Sterling strengthened today as data showed UK inflation unexpectedly stayed close to its highest levels in six years in January.
This firmed up investors' bets that the Bank of England will raise interest rates again in May.
The Bank of England surprised financial markets last week by indicating that rates could move up faster than previously expected, as it wanted to bring inflation back to its target of 2% within two years rather than three.
This prompted markets to price in as much as a 70% chance of a quarter-point rise in interest rates by May.
There is also a roughly 50% chance of a further increase in rates to 1% by the end of the year - a level last seen in 2009.
Today's numbers showed consumer price inflation held at an annual rate of 3% in January, unchanged from the month before and above a consensus forecast of 2.9%.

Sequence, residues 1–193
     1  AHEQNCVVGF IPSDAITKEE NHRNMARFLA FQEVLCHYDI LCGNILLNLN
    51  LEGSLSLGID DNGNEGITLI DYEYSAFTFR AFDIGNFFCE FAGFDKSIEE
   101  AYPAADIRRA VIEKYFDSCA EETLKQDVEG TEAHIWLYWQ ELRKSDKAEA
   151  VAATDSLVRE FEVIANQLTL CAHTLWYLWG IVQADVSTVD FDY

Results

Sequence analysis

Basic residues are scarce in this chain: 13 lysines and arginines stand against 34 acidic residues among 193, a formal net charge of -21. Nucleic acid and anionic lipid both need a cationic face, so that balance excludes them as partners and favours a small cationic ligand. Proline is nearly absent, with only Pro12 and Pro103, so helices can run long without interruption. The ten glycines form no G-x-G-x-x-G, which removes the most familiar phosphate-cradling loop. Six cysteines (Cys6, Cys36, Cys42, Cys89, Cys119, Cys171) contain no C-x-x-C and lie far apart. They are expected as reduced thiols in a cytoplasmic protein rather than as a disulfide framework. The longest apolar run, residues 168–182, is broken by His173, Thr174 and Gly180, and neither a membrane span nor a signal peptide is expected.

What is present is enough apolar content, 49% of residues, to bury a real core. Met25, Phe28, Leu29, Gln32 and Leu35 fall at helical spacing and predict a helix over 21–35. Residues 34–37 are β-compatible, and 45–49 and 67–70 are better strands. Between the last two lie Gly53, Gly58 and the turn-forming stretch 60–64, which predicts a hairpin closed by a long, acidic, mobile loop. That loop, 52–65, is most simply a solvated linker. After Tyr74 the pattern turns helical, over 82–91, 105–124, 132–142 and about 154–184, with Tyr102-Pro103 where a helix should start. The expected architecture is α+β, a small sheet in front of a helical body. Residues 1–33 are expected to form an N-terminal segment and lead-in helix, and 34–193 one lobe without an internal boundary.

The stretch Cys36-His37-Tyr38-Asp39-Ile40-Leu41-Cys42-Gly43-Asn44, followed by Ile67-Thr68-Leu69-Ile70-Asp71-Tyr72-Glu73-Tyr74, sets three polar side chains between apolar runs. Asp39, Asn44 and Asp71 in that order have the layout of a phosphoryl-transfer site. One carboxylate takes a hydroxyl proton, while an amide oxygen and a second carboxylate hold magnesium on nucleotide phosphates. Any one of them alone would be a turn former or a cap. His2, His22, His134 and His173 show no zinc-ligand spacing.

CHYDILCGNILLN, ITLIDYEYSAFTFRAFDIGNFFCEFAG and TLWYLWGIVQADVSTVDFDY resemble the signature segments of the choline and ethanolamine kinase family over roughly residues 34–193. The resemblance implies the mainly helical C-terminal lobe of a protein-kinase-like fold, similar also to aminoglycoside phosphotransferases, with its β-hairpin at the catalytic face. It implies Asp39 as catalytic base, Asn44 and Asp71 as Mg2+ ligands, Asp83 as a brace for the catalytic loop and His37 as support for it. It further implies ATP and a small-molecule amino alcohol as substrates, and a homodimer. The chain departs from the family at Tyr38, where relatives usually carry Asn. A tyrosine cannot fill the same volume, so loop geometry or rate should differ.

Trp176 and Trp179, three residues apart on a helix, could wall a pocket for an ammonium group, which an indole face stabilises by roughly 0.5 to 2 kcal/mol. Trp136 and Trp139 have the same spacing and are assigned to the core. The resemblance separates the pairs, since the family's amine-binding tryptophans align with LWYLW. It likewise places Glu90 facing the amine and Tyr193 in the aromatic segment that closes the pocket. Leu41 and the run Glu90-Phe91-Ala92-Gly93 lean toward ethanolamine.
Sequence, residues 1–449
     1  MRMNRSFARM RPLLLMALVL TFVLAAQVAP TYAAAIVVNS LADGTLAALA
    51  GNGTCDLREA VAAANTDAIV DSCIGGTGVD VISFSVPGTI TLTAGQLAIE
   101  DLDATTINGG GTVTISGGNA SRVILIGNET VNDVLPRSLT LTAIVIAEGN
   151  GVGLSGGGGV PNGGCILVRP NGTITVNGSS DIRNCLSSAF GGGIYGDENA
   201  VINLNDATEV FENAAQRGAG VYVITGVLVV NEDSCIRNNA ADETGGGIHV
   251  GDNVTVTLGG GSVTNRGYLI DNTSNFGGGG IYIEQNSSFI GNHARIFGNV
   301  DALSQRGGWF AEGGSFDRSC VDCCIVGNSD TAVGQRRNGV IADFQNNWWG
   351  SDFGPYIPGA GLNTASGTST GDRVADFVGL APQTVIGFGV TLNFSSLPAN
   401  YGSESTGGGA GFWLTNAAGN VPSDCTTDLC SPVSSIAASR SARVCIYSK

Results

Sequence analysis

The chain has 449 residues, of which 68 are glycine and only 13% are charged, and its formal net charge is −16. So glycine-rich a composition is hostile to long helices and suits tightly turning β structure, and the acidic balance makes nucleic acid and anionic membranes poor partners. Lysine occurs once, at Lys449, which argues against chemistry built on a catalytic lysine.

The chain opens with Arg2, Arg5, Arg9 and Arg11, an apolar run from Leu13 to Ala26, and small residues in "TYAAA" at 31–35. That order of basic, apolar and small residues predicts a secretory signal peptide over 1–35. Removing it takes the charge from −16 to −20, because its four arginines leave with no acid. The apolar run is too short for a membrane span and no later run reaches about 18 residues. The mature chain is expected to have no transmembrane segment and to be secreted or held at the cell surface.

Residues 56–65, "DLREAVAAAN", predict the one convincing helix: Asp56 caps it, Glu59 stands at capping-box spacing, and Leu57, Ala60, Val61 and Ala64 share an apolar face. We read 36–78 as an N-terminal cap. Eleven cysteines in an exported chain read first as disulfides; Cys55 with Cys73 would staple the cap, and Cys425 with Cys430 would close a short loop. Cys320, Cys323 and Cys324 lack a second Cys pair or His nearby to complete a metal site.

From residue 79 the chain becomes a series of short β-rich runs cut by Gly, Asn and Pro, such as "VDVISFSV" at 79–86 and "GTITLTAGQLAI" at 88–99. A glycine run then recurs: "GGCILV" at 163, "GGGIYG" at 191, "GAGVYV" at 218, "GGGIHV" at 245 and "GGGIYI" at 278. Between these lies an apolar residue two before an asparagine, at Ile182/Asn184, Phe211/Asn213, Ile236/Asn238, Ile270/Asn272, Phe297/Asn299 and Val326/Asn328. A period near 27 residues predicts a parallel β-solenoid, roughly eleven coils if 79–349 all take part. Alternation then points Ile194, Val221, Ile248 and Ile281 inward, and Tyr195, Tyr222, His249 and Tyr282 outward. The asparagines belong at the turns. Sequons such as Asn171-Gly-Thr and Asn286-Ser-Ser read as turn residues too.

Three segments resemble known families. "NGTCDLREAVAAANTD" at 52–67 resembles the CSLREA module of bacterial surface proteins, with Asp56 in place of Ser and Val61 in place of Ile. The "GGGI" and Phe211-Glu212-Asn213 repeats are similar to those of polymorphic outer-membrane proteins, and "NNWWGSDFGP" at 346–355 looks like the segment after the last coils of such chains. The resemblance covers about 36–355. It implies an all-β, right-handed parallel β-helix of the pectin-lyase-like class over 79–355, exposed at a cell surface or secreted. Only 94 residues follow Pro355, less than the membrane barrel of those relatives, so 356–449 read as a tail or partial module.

Sterling jumped to as high as $1.3924 after the data, up from $1.3886 beforehand.
Against the euro, sterling strengthened by a third of a percent to 88.59 pence.
The pound had skidded to a three-week low against the dollar on Friday after the EU's chief Brexit negotiator Michel Barnier warned a transition deal was far from assured.
Those comments, as well as broad strength in the dollar amid a sharp stock market sell-off, handed sterling its biggest weekly falls since October, as investors worried that Britain could leave the European Union in a disorderly manner.
Analysts said British wages data due next week, as well as a major upcoming speech by the prime minister on Brexit, would be the next determinants of sterling's direction.